'Buffy' defies genre, with each episode comprised of comedy, drama, fantasy, coming-of-age, romance and action elements. While studio executives labelled it a mid-season replacement unable to define it, audiences were lapping it up. ‘Buffy’ and Joss’ influence on film and television is undeniable – not only is it responsible for the resurgence in Vampire stories such as ‘Twilight’ and ‘The Vampire Diaries’ but meatier teen dramas and mixed-genre television series as well. Now dramas aren’t afraid to be funny and comedies aren’t afraid to be dramatic. Within a 42-minute period, you could laugh out loud, boo a bad guy and wipe away streaming tears. Not to mention that the entire series was one giant allegory! Between the vampires, werewolves, witches and M’Fashnik, the show dealt with love, loss, sex, sexuality, bullying, growing up, fear, sacrifice, relationships with friends, family, lovers, authority - the whole enchilada, and all under the guise of a little blonde girl kicking arse in a world where everyone and everything (including herself) underestimated her.
Joss and his team also broke new television ground producing an all musical episode, an almost all-silent episode, and had critics and nay-sayers eating out of the palm of their hands with ‘The Body’ in which all previous conventions went out the window as Buffy herself and her friends dealt with the death of Buffy’s mum in one of the most spectacular episodes of television, ever. And while the show was a critical and commercial success during its run, it was never exactly a big awards show fixture (outside of its technical, hair and makeup achievements), however ironically, it was ‘Hush’, the show’s silent episode, that earned Joss Whedon a Primetime Emmy Nomination for writing. The show known for its sharp, sassy, and poppy dialogue, yes it was the ‘Buffy’ episode that featured some crudely drawn projector sheets and had the cast wearing whiteboards around there necks that lent itself to one of the show’s scariest and fan favourite villains - The Gentlemen - and of course some long overdue industry love. It’s okay, we always knew the show was golden, and Joss had the last laugh as he has since written and directed both ‘Avengers’ films and is now one of the leaders at the Marvel Cinematic Universe round table. Suck it, Emmys!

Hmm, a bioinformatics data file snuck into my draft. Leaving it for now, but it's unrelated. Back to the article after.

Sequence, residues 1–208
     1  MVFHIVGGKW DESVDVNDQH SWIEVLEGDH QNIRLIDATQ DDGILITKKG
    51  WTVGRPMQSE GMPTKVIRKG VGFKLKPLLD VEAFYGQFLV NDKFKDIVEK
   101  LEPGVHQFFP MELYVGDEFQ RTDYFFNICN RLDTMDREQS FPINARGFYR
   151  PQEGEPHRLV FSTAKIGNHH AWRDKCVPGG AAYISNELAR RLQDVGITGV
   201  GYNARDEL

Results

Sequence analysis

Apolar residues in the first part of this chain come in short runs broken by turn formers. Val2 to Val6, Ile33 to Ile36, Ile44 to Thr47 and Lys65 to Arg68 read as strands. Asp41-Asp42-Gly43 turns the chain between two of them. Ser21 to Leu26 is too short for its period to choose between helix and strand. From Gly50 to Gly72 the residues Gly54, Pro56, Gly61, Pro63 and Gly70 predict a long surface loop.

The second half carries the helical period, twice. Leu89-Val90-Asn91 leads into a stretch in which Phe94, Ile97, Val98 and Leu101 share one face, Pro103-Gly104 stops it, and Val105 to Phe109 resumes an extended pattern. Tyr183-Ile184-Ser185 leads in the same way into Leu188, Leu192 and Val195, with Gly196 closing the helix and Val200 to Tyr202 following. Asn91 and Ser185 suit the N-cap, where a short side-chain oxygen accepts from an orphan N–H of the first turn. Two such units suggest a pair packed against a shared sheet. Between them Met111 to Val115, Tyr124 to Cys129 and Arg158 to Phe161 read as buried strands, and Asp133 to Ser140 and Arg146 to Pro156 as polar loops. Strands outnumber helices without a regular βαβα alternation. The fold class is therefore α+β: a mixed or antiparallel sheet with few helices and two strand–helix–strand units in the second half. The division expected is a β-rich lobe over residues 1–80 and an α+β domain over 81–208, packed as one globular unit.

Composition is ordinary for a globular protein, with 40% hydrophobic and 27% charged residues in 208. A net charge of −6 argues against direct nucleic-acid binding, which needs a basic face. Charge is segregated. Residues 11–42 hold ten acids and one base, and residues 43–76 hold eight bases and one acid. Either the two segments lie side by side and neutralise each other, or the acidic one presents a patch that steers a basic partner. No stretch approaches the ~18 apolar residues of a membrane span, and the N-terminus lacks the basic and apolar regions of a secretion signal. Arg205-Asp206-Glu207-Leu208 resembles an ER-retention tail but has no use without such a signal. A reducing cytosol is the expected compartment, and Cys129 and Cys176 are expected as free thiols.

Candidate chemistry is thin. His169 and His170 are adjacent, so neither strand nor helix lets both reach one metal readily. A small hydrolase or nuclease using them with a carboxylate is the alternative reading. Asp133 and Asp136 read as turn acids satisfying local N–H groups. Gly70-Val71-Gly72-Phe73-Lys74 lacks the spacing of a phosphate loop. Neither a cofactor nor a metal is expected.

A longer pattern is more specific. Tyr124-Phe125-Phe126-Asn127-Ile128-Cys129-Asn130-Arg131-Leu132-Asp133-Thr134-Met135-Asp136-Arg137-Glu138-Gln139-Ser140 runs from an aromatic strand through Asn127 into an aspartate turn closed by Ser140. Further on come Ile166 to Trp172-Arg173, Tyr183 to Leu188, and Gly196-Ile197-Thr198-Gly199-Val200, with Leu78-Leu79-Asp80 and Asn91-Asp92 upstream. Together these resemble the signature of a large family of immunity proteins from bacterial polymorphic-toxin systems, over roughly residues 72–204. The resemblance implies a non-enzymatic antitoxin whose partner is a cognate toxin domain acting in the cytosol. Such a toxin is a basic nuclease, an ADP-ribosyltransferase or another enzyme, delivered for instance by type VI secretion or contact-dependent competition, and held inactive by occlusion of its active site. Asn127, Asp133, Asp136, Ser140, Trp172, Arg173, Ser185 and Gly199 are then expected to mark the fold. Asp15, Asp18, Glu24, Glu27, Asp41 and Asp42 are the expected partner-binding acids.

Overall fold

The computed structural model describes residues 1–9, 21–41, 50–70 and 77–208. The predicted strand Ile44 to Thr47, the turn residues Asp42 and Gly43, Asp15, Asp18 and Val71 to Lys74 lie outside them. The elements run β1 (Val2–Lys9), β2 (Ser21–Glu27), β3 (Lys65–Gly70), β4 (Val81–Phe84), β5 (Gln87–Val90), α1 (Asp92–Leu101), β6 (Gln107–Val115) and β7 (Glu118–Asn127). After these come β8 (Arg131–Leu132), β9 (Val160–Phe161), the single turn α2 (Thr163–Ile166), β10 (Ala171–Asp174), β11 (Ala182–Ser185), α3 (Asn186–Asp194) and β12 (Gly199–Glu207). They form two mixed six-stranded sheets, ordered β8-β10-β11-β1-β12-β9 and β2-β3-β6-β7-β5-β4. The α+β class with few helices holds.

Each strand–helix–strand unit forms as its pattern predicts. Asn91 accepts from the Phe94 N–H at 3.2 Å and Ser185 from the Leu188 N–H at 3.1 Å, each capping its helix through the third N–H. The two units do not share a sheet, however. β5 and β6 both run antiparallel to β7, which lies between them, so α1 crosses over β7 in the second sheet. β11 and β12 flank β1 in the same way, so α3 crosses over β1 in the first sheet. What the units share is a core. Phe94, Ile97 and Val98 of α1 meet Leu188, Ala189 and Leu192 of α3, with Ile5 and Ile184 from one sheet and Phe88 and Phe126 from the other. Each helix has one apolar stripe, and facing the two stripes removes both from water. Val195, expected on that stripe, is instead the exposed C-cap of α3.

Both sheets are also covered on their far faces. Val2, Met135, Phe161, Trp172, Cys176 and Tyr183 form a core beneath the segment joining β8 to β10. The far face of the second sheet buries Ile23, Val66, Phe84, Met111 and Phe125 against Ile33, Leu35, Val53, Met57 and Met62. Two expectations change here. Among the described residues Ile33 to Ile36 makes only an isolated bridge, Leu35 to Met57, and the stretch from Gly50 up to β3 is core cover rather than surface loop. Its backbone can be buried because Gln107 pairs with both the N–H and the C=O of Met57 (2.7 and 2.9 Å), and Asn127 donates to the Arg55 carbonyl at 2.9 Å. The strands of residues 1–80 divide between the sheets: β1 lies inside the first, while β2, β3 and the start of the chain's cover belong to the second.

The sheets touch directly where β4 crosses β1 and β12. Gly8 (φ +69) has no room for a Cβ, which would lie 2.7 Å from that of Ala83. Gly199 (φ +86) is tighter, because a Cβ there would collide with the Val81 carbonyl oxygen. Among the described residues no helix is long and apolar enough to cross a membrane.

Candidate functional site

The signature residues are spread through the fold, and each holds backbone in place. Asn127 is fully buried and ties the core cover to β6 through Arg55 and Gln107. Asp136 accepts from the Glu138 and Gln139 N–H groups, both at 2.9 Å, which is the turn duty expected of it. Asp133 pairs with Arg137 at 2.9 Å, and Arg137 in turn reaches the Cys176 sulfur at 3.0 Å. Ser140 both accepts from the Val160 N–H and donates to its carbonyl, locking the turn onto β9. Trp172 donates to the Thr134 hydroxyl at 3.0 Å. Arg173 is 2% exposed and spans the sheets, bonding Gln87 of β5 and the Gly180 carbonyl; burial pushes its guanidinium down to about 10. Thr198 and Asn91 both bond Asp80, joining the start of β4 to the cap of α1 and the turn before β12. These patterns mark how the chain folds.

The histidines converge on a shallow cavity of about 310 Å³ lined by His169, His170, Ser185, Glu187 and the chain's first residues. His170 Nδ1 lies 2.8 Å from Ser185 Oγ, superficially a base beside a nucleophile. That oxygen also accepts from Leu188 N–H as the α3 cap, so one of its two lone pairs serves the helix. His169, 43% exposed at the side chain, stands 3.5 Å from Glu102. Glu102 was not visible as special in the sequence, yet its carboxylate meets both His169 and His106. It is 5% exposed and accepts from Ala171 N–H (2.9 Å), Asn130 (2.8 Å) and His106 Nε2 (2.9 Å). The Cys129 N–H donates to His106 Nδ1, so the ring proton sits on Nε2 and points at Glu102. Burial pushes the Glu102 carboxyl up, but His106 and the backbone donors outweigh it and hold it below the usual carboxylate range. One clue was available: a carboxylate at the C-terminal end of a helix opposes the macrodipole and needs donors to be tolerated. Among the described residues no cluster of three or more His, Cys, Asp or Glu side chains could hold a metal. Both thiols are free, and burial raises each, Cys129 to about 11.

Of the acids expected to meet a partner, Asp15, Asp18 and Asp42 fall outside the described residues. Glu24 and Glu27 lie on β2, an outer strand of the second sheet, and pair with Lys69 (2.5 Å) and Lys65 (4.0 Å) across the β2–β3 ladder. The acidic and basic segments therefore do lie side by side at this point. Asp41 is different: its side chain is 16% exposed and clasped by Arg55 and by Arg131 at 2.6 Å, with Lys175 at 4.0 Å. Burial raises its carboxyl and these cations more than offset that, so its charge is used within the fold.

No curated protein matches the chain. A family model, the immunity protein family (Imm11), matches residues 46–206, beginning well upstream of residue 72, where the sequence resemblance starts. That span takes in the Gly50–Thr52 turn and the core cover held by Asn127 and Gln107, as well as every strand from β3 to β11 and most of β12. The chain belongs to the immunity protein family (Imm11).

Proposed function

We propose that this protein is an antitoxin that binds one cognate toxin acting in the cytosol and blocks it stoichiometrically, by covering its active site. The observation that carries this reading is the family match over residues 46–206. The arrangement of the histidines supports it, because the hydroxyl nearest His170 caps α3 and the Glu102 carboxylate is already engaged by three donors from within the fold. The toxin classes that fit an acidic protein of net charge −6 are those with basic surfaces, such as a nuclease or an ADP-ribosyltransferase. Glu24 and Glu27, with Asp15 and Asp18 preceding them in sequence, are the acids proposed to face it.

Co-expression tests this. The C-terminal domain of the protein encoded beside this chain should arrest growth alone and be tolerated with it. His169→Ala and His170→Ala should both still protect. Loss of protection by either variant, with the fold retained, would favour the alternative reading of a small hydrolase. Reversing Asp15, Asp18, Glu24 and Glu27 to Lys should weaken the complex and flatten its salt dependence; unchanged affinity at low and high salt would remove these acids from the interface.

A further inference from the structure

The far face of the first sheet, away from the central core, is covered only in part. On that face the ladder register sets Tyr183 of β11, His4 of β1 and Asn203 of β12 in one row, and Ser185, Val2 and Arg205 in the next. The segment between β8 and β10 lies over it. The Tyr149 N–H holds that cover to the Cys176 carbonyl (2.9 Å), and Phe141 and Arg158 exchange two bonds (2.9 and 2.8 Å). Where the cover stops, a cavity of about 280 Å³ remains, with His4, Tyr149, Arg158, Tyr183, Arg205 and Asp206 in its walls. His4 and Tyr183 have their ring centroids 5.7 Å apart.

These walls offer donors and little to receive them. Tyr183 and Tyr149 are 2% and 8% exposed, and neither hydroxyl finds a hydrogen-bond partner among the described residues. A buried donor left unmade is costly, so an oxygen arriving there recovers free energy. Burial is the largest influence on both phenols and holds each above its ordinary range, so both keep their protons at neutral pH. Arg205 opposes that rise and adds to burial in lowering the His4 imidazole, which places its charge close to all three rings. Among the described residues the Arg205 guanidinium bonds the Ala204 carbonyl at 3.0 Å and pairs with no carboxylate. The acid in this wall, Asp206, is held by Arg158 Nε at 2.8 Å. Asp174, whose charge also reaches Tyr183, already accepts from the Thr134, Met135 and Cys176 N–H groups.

One is not simply a “fan”... 'Buffy' harboured a community, an obsession, a lifestyle and exulted it to almost religious status.
It’s funny, 20 years later and I may not be able to trivia someone under the table or recall a line at the drop of a hat any more, but just the mere mention of 'Buffy' sends a flutter to my heart. Now in my 30s, I still attend conventions if I know a 'Buffy' star is going to be there. I’ve thrown most of the books and scripts away, but I’ll always hold on to “The Watchers Guides’. My handmade VHS tapes have now been replaced by a stunning DVD collection I didn’t even hesitate to spends hundreds of dollars on. Just in the last two years I’ve attended trivia nights, comic-cons, an all-night marathon, and I have a theme night at a bar in celebration of the 20th anniversary penciled into my calendar. It’s a costume night, and while I may be too old to adorn my Faith look as I’d done many time before in my youth, I will still dig through my bottom draw and pull out my Scooby Gang t-shirt and wear it loudly and proudly.